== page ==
I do think that finding the right ways to market our Owen brand here in Asia — a goal I give our board member Austin credit for raising — will help us with our brand building and identity. In my limited time in Asia, I can see the strong affinity for U.S. brands, particularly in areas where the U.S. has strong brand presence, and that is why I think that leveraging the Vanderbilt/Owen brand here more aggressively has promising upside for us. We will be working more on specific action plans for this in the Asia Alumni Board.
Does this new board formalize any ad hoc alumni organizing in the region?
We sure hope so. Several board members, including myself, travel extensively around Asia (particularly pre-COVID-19), and we have discussed how great it will be to have ad hoc events around Asia as we travel. We would love to begin to enhance alumni groups that have already been built in Asia and build new ones wherever possible. I believe that a grassroots effort is the best way to do this, so we will keep looking for ways to make sure that the Asia Alumni Board connects with our alumni in Asia. Xiaoyan, one of our board members, is connected to a WeChat group of Owen Alumni in China, and she has offered to set up a WeChat event for the Asia Alumni Board to connect with alumni in China. Heiki, before joining this board, already has a strong alumni group here in Tokyo that we will work with too. As you can tell, we already have a strong grassroots base to build from and will continue to look for ways to expand.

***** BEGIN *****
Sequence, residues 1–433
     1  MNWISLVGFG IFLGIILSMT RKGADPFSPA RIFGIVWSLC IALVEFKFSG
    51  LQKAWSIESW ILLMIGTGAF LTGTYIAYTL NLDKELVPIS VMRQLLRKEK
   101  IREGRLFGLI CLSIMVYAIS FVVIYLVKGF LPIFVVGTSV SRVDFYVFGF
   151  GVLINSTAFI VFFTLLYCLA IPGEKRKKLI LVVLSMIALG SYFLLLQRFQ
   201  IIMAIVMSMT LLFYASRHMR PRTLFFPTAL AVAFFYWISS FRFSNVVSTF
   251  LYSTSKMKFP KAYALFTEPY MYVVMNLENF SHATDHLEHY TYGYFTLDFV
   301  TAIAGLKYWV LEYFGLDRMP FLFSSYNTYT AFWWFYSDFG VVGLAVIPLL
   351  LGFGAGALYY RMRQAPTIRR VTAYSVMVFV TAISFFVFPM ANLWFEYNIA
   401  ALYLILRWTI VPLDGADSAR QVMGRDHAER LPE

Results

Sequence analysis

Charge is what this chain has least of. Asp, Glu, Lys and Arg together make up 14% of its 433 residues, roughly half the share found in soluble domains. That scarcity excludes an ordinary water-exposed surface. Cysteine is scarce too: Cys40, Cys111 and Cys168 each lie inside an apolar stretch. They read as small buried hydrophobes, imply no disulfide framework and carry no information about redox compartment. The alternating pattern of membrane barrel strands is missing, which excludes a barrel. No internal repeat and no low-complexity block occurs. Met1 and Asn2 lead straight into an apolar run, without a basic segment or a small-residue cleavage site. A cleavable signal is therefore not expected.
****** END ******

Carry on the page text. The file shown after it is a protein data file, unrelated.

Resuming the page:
Is there anything you’d like to add?
I would like to close by thanking Dean Johnson, Erik Kahill and the entire Owen staff who have given us this opportunity and their support to build out Owen’s Asia Alumni Board. I am excited to be a part of this and appreciate everyone’s commitment, including our inaugural board members. I look forward to continuing to build our Owen network in Asia, so that we all can be proud of it. I would also encourage all alumni who have the chance to visit Asia for whatever reason to consider connecting with Owen alums in Asia. If my experience is any indication, I suspect you will enjoy meeting Owen alumni in Asia, and I am confident that you will get amazing recommendations for restaurants, lodging, activities, etc. Asia offers so many amazing life experiences, and I would encourage you all to think about visiting to experience it yourself firsthand.